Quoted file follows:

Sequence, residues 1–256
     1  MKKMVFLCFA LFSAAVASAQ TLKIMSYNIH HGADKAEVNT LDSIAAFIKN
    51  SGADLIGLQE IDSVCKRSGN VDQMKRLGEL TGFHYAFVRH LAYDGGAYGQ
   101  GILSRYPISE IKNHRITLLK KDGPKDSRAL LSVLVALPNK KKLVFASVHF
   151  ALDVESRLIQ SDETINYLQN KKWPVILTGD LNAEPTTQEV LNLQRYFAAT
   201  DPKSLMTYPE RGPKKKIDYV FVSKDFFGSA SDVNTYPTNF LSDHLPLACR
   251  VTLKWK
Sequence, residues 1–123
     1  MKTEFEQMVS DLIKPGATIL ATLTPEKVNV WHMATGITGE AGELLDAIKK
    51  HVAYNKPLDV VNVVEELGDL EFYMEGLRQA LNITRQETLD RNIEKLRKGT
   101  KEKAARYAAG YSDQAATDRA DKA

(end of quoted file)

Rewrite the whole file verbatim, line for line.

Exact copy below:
Sequence, residues 1–256
     1  MKKMVFLCFA LFSAAVASAQ TLKIMSYNIH HGADKAEVNT LDSIAAFIKN
    51  SGADLIGLQE IDSVCKRSGN VDQMKRLGEL TGFHYAFVRH LAYDGGAYGQ
   101  GILSRYPISE IKNHRITLLK KDGPKDSRAL LSVLVALPNK KKLVFASVHF
   151  ALDVESRLIQ SDETINYLQN KKWPVILTGD LNAEPTTQEV LNLQRYFAAT
   201  DPKSLMTYPE RGPKKKIDYV FVSKDFFGSA SDVNTYPTNF LSDHLPLACR
   251  VTLKWK
Sequence, residues 1–123
     1  MKTEFEQMVS DLIKPGATIL ATLTPEKVNV WHMATGITGE AGELLDAIKK
    51  HVAYNKPLDV VNVVEELGDL EFYMEGLRQA LNITRQETLD RNIEKLRKGT
   101  KEKAARYAAG YSDQAATDRA DKA